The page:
• C

# Reversing bytes

Hi ALL,

I would like to know how a byte coming into a port of a device
can be quickly reversed and sent on another port quickly using
a lookup mechanism (array).

Assumption:  Memory is abundant

Thanks,
Arut
###### Who is Participating?

Commented:
You mean something like having an array like so:

char reverse_lut[256];

With the values filled in so that reverse_lut[N] is N with its bits in reverse order ?

Anyway, an easy way to reverse the bits in a byte, without a LUT, is in three steps, as follows:

First step:  swap bits 0123 with bits 4567  { byte = ((byte & 0x0F) << 4) | ((byte & 0xF0) >> 4); }
Second step: swap bits 01 with 23 and 45 with 67 simultaneously   { byte = ((byte & 0x33) << 2) | ((byte & 0xCC) >> 2)); }
Last step: swap bits 0 and 1, 2 and 3, 4 and 4, 6 and 7 simult.   { byte = ((byte & 0x55) << 1) | ((byte & 0xAA) >> 1)); }
NB: You can do those steps in any order you like, you can do them on 4 bytes simultaneously without speed loss (just change the ANDing values), and if you want to do some MMX assembly, should be doable on 8 bytes simultaneously as well.
0

Data Warehouse Architect / DBACommented:

Hi Arut,

I'm not sure what you're asking here.  Is the port management giving you trouble or the byte reversal?  (And what do you mean by byte reversal?  Send the bytes in reverse order of the way that the arrive or reverse the bits within the byte?)

Kent
0

Author Commented:
Hi Kent,

Sorry about that. I meant bits to be reversed LSB becomes MSB bit. This is a question someone asked me and I had no idea.

Thanks,
Arut
0

Data Warehouse Architect / DBACommented:

There are quite a few ways to reverse bits in a byte.  The most "obvious" way is just brite force:

int ReverseBits (int Source)
{
int idx;
int Result;

Result = 0;
for (idx = 0; idx < 8; idx++)
if (Source & (1 << idx))
Result |= (1 << (7 - idx));
return (Result);
}

You can also reverse the bits with some clever math, but it's a lot tougher to understand.

Good Luck,
Kent
0

Commented:
Additional note: The MMX bit is assuming you're on intel, you can probably do it similarly on other architectures with as many bytes as you can fit into a machine register.

In any case, the code I proposed should be faster than a LUT, assuming you're able to work on multiple bytes.  A LUT is probably faster than doing it on single bytes or two bytes at a time, and could be comparable to four at a time, dunno.  You'd have to test that.
0

Data Warehouse Architect / DBACommented:

Hi sneeuw_chan,

The performance of an LUT can be tricky to predict.  It does, after all, require memory fetches and the speed of the fetch is contingent on where in memory/cache the table lies.  The first one might be pretty expensive, but subsequent fetches should be very fast as the table will have been moved to the closest cache.

Looping is effective for a single byte, but only because these processors are so fast when not referencing memory.  I certainly wouldn't build a length swap algorithm on it though.

The algorithm that you suggested is what I refered to earlier.  It's a little tough for newcomers to understand, but lightening fast.  The instruction count (and ultimately execution speed) increases incrementally while the data length increases exponentially.  (3 steps to swap 8 bits, 4 steps for 16, 5 steps fo 32.)  Past the register size (32 or 64 bits) the algorithm timing synchronizes with the size increase of the data.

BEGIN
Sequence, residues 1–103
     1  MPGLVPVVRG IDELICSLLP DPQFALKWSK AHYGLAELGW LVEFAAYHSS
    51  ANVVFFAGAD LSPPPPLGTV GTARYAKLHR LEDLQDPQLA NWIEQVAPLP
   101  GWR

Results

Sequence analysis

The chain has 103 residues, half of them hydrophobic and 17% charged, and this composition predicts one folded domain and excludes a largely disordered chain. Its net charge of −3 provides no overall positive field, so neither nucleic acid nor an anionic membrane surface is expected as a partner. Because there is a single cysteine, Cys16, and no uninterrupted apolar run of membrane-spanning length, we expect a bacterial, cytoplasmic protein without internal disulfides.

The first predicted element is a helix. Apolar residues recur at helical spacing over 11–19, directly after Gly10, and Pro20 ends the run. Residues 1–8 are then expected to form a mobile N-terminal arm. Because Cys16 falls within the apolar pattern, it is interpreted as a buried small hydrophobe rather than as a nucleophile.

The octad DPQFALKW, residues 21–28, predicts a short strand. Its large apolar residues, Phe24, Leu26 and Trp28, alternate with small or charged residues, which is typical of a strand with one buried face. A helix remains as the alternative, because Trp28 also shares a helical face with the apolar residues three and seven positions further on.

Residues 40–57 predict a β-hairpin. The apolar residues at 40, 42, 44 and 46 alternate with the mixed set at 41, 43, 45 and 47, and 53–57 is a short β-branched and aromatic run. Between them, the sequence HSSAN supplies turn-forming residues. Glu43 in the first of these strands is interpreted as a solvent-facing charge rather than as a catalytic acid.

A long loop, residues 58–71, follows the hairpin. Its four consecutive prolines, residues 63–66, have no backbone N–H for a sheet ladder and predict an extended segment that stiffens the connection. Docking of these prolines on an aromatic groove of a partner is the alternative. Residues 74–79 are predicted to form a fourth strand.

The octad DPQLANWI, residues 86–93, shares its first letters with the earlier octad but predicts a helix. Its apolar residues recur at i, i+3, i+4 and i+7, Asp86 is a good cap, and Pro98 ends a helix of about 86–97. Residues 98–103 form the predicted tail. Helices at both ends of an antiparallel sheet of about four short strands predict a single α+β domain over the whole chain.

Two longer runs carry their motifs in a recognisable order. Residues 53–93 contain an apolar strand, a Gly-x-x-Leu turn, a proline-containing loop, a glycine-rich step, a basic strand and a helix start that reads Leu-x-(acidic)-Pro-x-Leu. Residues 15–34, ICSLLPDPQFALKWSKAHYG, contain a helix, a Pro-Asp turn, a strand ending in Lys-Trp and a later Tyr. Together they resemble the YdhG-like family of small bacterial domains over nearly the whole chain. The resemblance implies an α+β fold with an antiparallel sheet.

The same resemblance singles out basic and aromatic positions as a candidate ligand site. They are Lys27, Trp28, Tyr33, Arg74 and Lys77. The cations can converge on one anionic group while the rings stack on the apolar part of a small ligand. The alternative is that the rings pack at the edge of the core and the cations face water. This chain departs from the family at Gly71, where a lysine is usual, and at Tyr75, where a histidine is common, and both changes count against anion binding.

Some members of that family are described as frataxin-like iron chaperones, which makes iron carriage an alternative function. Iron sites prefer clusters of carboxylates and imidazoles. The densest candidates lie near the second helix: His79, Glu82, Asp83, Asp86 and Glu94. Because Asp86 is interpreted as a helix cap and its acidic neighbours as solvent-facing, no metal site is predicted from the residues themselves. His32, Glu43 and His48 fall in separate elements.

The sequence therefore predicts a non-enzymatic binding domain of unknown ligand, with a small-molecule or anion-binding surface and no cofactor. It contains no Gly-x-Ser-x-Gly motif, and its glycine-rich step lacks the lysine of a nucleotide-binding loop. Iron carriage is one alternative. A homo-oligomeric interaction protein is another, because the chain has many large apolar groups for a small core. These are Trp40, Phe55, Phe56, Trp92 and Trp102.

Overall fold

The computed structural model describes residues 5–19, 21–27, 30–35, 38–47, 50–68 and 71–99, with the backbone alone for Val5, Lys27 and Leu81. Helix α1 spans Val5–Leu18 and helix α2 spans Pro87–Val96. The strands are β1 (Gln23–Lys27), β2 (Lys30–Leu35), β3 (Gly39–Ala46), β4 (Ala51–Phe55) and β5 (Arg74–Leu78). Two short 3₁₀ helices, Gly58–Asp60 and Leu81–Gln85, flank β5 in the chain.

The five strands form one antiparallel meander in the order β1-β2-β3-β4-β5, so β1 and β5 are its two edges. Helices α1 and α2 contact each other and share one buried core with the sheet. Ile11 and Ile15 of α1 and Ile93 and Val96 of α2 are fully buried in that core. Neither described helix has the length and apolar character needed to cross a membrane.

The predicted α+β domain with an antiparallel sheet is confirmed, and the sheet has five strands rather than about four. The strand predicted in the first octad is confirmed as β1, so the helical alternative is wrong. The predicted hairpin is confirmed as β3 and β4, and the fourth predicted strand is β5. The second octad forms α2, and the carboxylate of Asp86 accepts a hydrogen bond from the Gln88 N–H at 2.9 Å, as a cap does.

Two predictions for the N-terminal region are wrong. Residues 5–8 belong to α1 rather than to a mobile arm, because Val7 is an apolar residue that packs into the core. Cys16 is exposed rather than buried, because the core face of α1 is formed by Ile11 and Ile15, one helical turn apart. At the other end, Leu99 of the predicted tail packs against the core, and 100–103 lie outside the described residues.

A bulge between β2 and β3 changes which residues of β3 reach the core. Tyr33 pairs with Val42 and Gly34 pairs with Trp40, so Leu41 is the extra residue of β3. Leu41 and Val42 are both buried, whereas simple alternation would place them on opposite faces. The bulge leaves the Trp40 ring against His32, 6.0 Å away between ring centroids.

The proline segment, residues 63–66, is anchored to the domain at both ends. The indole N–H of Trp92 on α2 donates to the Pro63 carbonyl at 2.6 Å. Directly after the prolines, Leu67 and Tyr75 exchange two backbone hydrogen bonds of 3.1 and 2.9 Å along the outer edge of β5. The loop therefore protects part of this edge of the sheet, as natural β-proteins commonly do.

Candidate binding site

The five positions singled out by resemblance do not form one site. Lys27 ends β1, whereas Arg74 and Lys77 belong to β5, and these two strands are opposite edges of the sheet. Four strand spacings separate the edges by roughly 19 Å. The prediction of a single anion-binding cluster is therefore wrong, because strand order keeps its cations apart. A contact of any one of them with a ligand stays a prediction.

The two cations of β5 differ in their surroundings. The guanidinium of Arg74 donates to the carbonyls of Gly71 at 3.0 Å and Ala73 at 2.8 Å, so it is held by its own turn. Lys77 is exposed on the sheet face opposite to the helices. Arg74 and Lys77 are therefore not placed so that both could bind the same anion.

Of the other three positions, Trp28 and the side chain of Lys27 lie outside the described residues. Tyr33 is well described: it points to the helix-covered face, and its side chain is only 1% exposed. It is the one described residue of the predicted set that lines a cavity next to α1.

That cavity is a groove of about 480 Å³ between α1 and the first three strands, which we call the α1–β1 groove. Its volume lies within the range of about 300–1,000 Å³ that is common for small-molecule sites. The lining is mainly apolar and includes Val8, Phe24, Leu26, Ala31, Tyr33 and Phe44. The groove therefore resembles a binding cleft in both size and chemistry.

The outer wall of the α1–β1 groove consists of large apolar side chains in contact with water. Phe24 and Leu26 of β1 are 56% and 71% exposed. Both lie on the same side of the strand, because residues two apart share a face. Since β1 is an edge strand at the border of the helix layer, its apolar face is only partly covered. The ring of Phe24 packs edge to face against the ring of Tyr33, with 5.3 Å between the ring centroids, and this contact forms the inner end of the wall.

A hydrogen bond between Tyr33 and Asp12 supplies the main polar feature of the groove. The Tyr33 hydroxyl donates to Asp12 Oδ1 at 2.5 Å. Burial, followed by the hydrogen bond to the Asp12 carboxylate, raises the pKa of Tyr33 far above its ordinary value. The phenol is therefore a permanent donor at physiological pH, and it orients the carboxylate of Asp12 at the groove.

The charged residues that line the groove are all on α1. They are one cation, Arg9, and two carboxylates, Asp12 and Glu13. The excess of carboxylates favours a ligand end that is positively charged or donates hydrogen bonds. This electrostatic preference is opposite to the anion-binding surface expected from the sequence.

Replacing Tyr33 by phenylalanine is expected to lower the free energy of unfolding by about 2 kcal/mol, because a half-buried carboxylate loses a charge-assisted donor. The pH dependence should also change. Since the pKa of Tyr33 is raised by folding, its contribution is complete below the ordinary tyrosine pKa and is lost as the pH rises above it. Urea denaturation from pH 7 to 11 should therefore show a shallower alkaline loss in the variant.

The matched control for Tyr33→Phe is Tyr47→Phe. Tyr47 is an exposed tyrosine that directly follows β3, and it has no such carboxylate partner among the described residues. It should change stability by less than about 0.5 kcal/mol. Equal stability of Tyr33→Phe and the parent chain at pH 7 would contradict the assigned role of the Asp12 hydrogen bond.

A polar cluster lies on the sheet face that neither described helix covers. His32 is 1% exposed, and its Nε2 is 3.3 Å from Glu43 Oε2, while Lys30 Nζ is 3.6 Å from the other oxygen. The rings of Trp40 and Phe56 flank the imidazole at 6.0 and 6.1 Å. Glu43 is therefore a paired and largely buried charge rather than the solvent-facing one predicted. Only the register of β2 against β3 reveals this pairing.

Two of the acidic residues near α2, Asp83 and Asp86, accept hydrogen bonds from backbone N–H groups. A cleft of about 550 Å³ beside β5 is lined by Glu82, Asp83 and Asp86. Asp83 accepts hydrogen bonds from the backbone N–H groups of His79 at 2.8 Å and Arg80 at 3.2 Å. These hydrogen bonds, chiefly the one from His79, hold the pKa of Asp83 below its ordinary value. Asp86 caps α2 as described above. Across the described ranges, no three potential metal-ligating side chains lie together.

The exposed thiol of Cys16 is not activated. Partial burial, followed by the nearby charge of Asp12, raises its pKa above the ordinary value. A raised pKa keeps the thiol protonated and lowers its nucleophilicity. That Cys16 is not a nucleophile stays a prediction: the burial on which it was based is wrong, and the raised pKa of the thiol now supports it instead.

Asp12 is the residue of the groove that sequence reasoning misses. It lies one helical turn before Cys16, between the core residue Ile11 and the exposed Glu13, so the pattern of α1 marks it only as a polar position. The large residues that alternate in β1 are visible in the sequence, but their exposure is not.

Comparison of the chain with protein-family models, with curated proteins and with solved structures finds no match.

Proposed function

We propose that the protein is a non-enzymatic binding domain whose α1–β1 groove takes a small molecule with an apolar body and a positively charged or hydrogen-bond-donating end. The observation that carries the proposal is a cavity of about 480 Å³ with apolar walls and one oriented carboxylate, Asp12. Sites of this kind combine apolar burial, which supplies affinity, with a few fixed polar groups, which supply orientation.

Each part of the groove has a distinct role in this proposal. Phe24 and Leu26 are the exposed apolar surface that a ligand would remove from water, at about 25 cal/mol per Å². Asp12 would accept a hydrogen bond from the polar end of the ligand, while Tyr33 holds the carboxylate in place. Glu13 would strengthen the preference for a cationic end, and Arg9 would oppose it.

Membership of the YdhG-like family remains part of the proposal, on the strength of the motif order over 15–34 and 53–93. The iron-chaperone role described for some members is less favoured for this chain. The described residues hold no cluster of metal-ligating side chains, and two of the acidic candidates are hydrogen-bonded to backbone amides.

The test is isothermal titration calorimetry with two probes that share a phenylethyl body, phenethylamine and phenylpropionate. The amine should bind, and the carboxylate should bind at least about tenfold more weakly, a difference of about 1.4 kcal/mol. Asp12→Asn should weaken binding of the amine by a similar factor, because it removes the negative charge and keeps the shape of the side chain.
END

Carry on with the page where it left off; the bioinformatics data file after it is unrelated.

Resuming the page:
Swapping bits on large data block is kinda fun, too.  :)

Kent
0

Commented:
Yeah, I know, caching is a pain, performance wise.  But I don't want to assume the OP is working on a PC-type processor, who knows, maybe he's on an embedded system with an ARM or whatever.  Easiest is to write it both ways and to compare performance in typical usage, and add a big fudge factor.

If you really want optimal performance, you should probably also take care of parralelizing instructions, modern CPUs don't like it if the data from one instruction is needed by the very next instruction.  Doing two machine-words at once should take care of that adequately, although you may run out of registers then, dunno.  Long time since I spent hand-tuning MMX instructions.  Was fun though.. ^_^

But I digress, the OP probably got his answer already, and if not, he'll come up with more pointed questions, one would assume.
0

Data Warehouse Architect / DBACommented:

A lot of these threads get more interesting once the original question is answered.  :)

0

Commented:
If i have understood the question right , he just wants to reverse a byte.. and byte according to its definition is just 8bits and shud be platform independent...

so have an array like

int a[256]={
0,    //reverse of 0 is still 0
128, //since reverse of 1 is 128 in bytes
64,//reverse of 2 is 64
..
...
.
.
255//Reverse of 255 is 255 only
};
and so on

and when u receive a byte x from port y and have to write it to port z ur algo is only

x=lut[x]; // reversing
write x,z //write x to port z

It saves u a lot of time.. Moreover if u are lazy to find out all the values and hard code them into the c file..
Write a function which calculates them and stores them into the table when the program first starts...

Eg..

calc_lut(); //reverses and stores the values in lut

{
x=lut[x];
write x,z;
}

Regards
Aakash

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Commented:
Hi Arut,

Can you explain by giving a small example, so that we can suggest better solutions!?

-ssnkumar
0

Data Warehouse Architect / DBACommented:

Hi aakash,

I agree with you -- his question suggests that he wants to reverse the bits in a byte.  But the Post Script (memory is abundant) suggests that he's got more in mind than just reversing the bits in a byte.

Kent
0

Commented:
Does he wants to swap 1st and 8th bit, or 1st and 4th bit?

-ssnkumar
0
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